The devaluation of the Real against the dollar makes it easier for exporters to comply with transfer pricing. The Brazilian subsidiaries are gaining advantage in exporting, in relation to companies within the same group in other countries.
The idea of the transfer price is to prevent the exporter to transfer part of their profits to another subsidiary abroad. The standard requires that the exporter makes an addition for calculating the income tax when the price at which the company sells abroad is lower than the price used in-country, as a parameter of the Brazilian Tax Office.
One of the forms provided in the legislation to get the price parameter is adding to the cost of producing a profit margin of 15%. This price is calculated in local currency.
When the Real appreciates, it is more difficult to lower the export price to compete with another subsidiary abroad and comply with the tax rules of transfer pricing. The value to add to the Income Tax is very high, increasing the tax burden of the operation and often turning down the operation.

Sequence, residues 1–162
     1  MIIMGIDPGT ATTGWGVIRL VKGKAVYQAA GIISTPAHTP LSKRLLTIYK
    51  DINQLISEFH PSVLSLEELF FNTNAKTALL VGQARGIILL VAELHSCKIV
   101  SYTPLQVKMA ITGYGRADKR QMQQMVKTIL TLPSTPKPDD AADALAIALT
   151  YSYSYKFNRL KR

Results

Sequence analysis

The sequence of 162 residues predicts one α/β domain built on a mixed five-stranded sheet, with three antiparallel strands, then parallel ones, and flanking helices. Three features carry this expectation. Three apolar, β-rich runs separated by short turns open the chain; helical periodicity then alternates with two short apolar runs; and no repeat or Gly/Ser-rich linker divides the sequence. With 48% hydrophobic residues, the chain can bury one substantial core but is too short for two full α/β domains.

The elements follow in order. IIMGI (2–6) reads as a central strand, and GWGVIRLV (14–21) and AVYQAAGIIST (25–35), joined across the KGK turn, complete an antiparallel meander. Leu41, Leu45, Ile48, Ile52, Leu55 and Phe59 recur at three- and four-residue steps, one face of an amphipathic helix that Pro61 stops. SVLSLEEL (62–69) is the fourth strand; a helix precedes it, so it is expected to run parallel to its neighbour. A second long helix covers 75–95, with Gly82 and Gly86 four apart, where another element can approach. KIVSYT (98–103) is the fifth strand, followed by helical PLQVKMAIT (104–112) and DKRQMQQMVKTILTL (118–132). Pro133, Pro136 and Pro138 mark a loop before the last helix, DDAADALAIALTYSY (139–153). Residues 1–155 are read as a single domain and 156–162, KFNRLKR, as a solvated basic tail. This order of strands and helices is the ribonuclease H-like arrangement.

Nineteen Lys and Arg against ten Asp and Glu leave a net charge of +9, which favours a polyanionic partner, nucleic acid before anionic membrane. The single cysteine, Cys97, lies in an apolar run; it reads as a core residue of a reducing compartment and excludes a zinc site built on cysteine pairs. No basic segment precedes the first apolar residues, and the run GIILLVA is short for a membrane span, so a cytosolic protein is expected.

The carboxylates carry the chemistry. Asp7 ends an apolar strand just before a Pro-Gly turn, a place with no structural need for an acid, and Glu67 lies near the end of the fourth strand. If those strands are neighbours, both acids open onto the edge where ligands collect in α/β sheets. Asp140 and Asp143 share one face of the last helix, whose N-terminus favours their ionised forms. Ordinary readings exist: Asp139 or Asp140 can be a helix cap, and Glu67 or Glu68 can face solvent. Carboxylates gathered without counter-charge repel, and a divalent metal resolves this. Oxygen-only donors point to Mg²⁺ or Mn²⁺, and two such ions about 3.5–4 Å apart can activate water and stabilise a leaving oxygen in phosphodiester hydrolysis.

With the devaluation of the national currency, the opposite happens. Every dollar charged by exports pays more real. The Brazilian subsidiary can lower the price – and therefore be more competitive – and get very close to the profit margin of 15% stipulated by the Tax Office.
The devaluation against the real, while increasing profitability, allow the Brazilian exporter flexibility to lower its price and compete with foreign companies or subsidiaries in other countries without having to worry about the negative effects of tax legislation.